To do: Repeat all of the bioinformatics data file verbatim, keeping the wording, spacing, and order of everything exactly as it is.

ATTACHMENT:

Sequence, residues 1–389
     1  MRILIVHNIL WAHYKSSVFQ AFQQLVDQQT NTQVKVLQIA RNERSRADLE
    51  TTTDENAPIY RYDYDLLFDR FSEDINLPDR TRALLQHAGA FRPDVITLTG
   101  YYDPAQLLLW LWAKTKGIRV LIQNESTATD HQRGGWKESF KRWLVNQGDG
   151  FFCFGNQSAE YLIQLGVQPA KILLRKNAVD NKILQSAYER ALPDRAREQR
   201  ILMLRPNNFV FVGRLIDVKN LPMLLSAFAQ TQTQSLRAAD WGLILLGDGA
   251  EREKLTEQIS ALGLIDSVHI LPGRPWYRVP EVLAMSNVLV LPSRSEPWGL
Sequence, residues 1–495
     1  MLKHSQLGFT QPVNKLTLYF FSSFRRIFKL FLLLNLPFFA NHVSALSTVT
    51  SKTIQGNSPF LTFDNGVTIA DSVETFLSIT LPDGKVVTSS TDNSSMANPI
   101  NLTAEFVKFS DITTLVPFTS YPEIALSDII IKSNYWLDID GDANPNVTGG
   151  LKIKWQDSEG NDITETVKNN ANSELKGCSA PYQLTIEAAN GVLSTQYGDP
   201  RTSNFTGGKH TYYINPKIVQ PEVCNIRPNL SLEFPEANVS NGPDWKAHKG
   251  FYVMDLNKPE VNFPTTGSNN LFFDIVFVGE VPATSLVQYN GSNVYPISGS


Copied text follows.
Sequence, residues 1–389
     1  MRILIVHNIL WAHYKSSVFQ AFQQLVDQQT NTQVKVLQIA RNERSRADLE
    51  TTTDENAPIY RYDYDLLFDR FSEDINLPDR TRALLQHAGA FRPDVITLTG
   101  YYDPAQLLLW LWAKTKGIRV LIQNESTATD HQRGGWKESF KRWLVNQGDG
   151  FFCFGNQSAE YLIQLGVQPA KILLRKNAVD NKILQSAYER ALPDRAREQR
   201  ILMLRPNNFV FVGRLIDVKN LPMLLSAFAQ TQTQSLRAAD WGLILLGDGA
   251  EREKLTEQIS ALGLIDSVHI LPGRPWYRVP EVLAMSNVLV LPSRSEPWGL
Sequence, residues 1–495
     1  MLKHSQLGFT QPVNKLTLYF FSSFRRIFKL FLLLNLPFFA NHVSALSTVT
    51  SKTIQGNSPF LTFDNGVTIA DSVETFLSIT LPDGKVVTSS TDNSSMANPI
   101  NLTAEFVKFS DITTLVPFTS YPEIALSDII IKSNYWLDID GDANPNVTGG
   151  LKIKWQDSEG NDITETVKNN ANSELKGCSA PYQLTIEAAN GVLSTQYGDP
   201  RTSNFTGGKH TYYINPKIVQ PEVCNIRPNL SLEFPEANVS NGPDWKAHKG
   251  FYVMDLNKPE VNFPTTGSNN LFFDIVFVGE VPATSLVQYN GSNVYPISGS